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From one community to many: how novel objects in the crop protection field reveal epistemic boundaries

Abstract : In this paper, I present a case study in the field of crop protection and discuss its epistemological implications. Through the advent of a novel class of objects at the end of the 1970s in Europe and the USA, namely plant elicitors that trigger the plant's own defence reactions, we witness how dissent between epistemic communities appears where assimilation had been the rule. The convergence between the industry and the academia as a coherent " phytosanitary universe " , despite the fact that they are made of several epistemic communities, is put to the test by plant elicitors, which do not fit exactly within existing categories. The plasticity of plant elicitors who can serve both as epistemic things and technical objects (Rheinberger 1997) does not suffice to qualify them as boundary objects bridging diverging communities. In particular, the specific arrangement of epistemic communities that they reveal can be described as Matryoshka dolls. This empirical account provides a fresh look at the relation between physical objects and epistemic boundaries, as well as the configuration of epistemic communities.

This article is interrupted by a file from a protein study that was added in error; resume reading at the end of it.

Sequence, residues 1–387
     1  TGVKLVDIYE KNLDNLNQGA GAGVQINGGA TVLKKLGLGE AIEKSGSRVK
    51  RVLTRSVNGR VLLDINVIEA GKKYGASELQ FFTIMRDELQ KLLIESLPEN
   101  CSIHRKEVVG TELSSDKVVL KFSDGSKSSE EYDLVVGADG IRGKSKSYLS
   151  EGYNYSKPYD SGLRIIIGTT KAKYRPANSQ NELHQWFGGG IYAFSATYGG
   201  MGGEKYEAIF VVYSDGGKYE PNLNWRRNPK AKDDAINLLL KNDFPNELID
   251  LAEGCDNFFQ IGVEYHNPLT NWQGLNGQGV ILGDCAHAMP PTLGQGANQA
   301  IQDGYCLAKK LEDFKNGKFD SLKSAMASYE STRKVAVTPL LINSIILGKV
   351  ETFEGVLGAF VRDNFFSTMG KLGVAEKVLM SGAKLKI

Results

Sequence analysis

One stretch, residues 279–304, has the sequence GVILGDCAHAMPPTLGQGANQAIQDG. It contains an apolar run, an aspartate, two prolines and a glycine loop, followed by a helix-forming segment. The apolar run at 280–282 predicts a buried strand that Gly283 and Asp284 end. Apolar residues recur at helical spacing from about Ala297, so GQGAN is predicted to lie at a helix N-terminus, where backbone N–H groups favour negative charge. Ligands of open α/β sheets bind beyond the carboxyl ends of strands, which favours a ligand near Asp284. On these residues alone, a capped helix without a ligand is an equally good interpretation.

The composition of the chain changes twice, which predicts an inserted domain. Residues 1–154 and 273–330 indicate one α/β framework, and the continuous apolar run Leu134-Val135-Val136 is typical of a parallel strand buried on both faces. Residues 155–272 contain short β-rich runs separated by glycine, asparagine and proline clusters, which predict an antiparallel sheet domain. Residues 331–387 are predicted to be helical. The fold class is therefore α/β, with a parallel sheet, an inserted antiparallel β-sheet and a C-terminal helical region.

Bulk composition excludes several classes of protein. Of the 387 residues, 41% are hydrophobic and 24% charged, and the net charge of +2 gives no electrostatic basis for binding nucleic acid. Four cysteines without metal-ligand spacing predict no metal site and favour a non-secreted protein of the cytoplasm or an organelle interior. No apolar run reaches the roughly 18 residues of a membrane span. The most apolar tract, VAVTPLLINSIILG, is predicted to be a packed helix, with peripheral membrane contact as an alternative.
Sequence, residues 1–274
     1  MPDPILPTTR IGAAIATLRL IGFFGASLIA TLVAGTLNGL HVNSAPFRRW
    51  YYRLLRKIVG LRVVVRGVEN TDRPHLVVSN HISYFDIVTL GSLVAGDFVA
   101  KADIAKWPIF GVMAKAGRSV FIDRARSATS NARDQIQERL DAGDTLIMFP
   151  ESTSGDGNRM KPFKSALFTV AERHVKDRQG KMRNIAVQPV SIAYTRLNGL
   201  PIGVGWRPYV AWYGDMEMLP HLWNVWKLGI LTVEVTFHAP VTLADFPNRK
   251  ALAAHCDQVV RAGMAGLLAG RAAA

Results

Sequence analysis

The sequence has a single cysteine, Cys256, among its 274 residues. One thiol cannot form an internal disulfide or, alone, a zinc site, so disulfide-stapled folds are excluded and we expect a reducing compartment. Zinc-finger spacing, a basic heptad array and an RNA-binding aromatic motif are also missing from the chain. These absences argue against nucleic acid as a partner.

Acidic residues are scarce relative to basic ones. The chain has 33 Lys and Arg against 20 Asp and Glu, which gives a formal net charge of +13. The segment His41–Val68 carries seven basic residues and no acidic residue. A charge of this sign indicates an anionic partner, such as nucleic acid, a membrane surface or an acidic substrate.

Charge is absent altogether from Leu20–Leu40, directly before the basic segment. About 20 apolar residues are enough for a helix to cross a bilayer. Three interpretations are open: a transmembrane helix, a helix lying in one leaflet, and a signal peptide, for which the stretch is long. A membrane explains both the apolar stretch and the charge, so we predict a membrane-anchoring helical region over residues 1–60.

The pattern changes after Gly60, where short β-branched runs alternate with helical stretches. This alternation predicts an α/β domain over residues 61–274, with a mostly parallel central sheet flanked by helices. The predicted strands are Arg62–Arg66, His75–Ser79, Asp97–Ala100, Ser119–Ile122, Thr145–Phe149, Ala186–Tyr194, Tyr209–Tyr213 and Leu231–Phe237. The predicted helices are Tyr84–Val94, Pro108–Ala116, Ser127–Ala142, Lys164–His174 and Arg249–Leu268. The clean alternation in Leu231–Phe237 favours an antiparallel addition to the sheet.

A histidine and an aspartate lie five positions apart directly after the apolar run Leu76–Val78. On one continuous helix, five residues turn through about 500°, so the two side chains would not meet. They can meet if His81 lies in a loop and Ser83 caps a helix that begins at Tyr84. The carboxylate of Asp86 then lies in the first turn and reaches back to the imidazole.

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https://halshs.archives-ouvertes.fr/halshs-01242705
Contributor : Antoine Blanchard <>
Submitted on : Sunday, December 13, 2015 - 11:03:45 PM
Last modification on : Monday, April 27, 2020 - 10:00:04 PM
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Antoine Blanchard. From one community to many: how novel objects in the crop protection field reveal epistemic boundaries. Social Epistemology, Taylor & Francis (Routledge), 2016. ⟨halshs-01242705⟩

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